In the current IPL, the Chennai Super Kings have won and lost a match by ten wickets. Has any other side done this in the same season? asked Vinay Ramachandran from India
The Mumbai Indians' ten-wicket victory over the Chennai Super Kings in Sharjah last week was only the 13th by such a margin in the IPL; CSK's thumping of the Kings XI Punjab in Dubai earlier this month was the 12th.
The only other IPL to feature two such results was in 2017, when the Kolkata Knight Riders beat the Gujarat Lions in Rajkot, and the Kings XI Punjab beat the Delhi Daredevils in Mohali. So the current season is the first one in which one team has featured on both ends of a ten-wicket victory.
After Cameron Green's 197 the other day, I was wondering: what is the highest first-class score by someone who never played in a Test? I'm sure it's much higher than 197! asked Peter Bradford from Australia
Cameron Green scored 197 for Western Australia against New South Wales in Adelaide last week, an innings that kept him firmly in contention for a Test call-up.
As you suspect, however, Green is a long way down the list of the highest first-class scorers without a Test cap. The highest score by someone who never played a Test is 443 not out, by the Indian Bhausaheb Nimbalkar for Maharashtra against Kathiawar in a Ranji Trophy match in Poona (now Pune) in 1948-49. Nimbalkar was denied a shot at the record score at the time - Don Bradman's 452 not out in 1929-30 - when the Kathiawar captain refused to carry on (Maharashtra had 826 for 4 at the time), and conceded the match.
What's the most runs in a Test series without a century, and the most wickets without a five-for? asked Rajiv Radhakrishnan from England
The record for the most runs in a Test series without a century is held by England captain turned commentator Michael Atherton, who scored 553 in the 1993 Ashes, with a highest of 99 (run out) in the second Test, at Lord's. Atherton beat the old record of 550, set by Conrad Hunte for West Indies at home to Australia in 1964-65, which remains the record for a five-match series (there were six Tests in 1993). Hunte made six scores between 53 and 89.
The equivalent record for bowling - most wickets in a series without taking five in an innings - changed hands last year: Pat Cummins took 29 wickets in the 2019 Ashes series, with a best return of 4 for 32 in the first Test, at Edgbaston. He pipped another Australian seamer, Wayne Clark, who took 28 wickets without a five-for in his maiden series, at home to India in 1977-78.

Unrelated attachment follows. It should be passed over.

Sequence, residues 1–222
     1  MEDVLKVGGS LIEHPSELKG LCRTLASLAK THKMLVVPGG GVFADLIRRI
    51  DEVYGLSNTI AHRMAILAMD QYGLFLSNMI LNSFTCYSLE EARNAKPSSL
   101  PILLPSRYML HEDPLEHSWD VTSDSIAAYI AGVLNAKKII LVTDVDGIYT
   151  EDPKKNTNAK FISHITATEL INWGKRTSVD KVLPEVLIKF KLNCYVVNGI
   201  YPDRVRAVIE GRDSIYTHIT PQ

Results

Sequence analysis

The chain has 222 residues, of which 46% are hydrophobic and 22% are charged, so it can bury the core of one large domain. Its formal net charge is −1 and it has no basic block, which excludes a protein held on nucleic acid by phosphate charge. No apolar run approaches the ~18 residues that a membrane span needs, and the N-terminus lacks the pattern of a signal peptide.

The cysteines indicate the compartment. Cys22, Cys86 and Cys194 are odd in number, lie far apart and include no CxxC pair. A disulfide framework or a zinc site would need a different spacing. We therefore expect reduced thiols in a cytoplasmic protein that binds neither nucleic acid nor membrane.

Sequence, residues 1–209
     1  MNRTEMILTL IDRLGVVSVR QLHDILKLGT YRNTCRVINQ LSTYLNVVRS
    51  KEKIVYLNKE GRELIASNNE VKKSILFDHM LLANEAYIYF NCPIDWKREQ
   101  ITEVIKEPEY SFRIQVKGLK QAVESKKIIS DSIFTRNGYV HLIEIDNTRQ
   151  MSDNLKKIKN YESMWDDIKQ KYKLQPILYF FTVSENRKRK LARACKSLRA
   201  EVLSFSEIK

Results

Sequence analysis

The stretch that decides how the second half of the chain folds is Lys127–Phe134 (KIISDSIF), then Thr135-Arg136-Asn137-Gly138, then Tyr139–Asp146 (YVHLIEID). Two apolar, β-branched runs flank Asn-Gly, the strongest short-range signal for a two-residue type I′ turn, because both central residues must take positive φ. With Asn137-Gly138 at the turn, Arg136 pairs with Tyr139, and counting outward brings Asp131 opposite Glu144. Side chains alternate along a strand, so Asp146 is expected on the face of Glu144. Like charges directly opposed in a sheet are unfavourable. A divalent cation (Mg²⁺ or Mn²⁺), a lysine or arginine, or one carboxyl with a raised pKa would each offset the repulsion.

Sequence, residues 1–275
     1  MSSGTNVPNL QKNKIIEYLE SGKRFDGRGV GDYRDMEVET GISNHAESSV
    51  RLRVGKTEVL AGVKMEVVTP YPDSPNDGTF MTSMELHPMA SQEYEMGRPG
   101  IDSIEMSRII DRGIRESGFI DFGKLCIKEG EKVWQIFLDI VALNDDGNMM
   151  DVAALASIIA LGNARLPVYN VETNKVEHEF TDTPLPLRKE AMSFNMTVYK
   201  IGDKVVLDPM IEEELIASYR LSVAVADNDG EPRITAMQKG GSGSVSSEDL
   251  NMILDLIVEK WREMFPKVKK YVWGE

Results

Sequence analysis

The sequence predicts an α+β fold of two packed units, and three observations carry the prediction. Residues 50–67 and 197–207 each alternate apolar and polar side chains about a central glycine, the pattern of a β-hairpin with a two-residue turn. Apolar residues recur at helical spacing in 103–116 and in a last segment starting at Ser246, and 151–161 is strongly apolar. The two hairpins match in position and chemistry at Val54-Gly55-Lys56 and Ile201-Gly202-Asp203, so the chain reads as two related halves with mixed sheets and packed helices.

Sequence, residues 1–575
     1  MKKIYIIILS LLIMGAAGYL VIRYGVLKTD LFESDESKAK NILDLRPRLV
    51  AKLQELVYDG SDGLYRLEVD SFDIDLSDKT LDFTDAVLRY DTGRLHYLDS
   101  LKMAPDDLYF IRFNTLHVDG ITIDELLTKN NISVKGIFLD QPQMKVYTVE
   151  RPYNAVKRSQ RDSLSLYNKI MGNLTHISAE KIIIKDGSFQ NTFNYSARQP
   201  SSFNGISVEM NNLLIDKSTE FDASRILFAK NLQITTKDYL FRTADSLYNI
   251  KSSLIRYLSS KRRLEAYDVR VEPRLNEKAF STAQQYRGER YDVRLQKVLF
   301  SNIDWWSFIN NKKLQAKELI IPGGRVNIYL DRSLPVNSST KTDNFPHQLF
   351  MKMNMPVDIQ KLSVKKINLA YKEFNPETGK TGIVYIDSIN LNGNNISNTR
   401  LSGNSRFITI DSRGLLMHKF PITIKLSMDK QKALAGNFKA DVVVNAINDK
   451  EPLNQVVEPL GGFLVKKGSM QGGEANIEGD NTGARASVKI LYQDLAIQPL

Michael Holding scored six half-centuries in Tests, but averaged only 13.78. Is this some sort of record? asked David Whiting from England
Well, it's a fairly specific request, but I can confirm that, of the men who scored at least five half-centuries in Tests, Michael Holding's average of 13.78 is the lowest. Next comes the Pakistan wicketkeeper Wasim Bari, who also made six fifties but averaged 15.88. And in third spot is Shane Warne (12 fifties, average 17.32), whose 3154 runs is the overall Test record by someone who never managed a century - his highest score was 99 (caught off what was later revealed to be a no-ball from Daniel Vettori) against New Zealand in Perth in 2001-02.
Which horse named after a cricketer won a classic race? asked Christopher Ingham from England
I think there are a few contenders here. The most obvious one - and the only one I can think of that was genuinely named after a cricketer - was Jack Hobbs, which won the Irish Derby in 2015, not long after finishing second in the English one. Jon Snow - lacking only an "h" to make him an England fast bowler - won the Australian Derby at Randwick in 2017, and Jardines Lookout won the Goodwood Cup in 2002. Turning to books, Wisden readers probably cheered home Editor's Note in the Belmont Stakes (one of the American Triple Crown races) in 1996, while Playfair won the Grand National in 1888. But my personal favourite cricketing horse is probably the winner of the French 2000 Guineas in 1995: Vettori, ridden by Frankie Dettori, which must have amused the commentators. There may well be more!